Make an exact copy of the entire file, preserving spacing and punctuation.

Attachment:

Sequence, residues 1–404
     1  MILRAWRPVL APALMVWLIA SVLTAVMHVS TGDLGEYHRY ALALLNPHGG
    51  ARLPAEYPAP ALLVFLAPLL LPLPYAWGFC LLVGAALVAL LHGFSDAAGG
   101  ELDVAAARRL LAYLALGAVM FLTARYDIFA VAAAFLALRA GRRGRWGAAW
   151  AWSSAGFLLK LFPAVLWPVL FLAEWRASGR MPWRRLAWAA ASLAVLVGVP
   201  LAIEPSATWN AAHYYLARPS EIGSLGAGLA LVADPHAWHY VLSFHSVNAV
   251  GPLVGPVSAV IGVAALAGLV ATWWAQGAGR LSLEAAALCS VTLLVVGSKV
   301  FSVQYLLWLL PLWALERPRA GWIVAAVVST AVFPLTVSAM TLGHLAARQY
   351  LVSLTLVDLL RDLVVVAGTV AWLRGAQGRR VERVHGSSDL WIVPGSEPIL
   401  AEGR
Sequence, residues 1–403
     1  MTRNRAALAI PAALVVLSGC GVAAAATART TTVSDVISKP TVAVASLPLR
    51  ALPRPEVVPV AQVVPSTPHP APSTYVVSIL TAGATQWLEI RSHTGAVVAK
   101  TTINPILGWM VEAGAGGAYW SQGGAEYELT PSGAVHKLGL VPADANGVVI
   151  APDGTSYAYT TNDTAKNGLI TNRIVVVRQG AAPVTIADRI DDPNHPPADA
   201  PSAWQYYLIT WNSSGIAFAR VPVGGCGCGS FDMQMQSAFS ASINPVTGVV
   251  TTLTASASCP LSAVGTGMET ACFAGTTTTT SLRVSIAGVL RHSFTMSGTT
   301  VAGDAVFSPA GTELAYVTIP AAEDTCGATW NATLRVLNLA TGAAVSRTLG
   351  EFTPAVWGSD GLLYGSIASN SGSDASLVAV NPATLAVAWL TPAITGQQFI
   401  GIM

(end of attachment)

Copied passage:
Sequence, residues 1–404
     1  MILRAWRPVL APALMVWLIA SVLTAVMHVS TGDLGEYHRY ALALLNPHGG
    51  ARLPAEYPAP ALLVFLAPLL LPLPYAWGFC LLVGAALVAL LHGFSDAAGG
   101  ELDVAAARRL LAYLALGAVM FLTARYDIFA VAAAFLALRA GRRGRWGAAW
   151  AWSSAGFLLK LFPAVLWPVL FLAEWRASGR MPWRRLAWAA ASLAVLVGVP
   201  LAIEPSATWN AAHYYLARPS EIGSLGAGLA LVADPHAWHY VLSFHSVNAV
   251  GPLVGPVSAV IGVAALAGLV ATWWAQGAGR LSLEAAALCS VTLLVVGSKV
   301  FSVQYLLWLL PLWALERPRA GWIVAAVVST AVFPLTVSAM TLGHLAARQY
   351  LVSLTLVDLL RDLVVVAGTV AWLRGAQGRR VERVHGSSDL WIVPGSEPIL
   401  AEGR
Sequence, residues 1–403
     1  MTRNRAALAI PAALVVLSGC GVAAAATART TTVSDVISKP TVAVASLPLR
    51  ALPRPEVVPV AQVVPSTPHP APSTYVVSIL TAGATQWLEI RSHTGAVVAK
   101  TTINPILGWM VEAGAGGAYW SQGGAEYELT PSGAVHKLGL VPADANGVVI
   151  APDGTSYAYT TNDTAKNGLI TNRIVVVRQG AAPVTIADRI DDPNHPPADA
   201  PSAWQYYLIT WNSSGIAFAR VPVGGCGCGS FDMQMQSAFS ASINPVTGVV
   251  TTLTASASCP LSAVGTGMET ACFAGTTTTT SLRVSIAGVL RHSFTMSGTT
   301  VAGDAVFSPA GTELAYVTIP AAEDTCGATW NATLRVLNLA TGAAVSRTLG
   351  EFTPAVWGSD GLLYGSIASN SGSDASLVAV NPATLAVAWL TPAITGQQFI
   401  GIM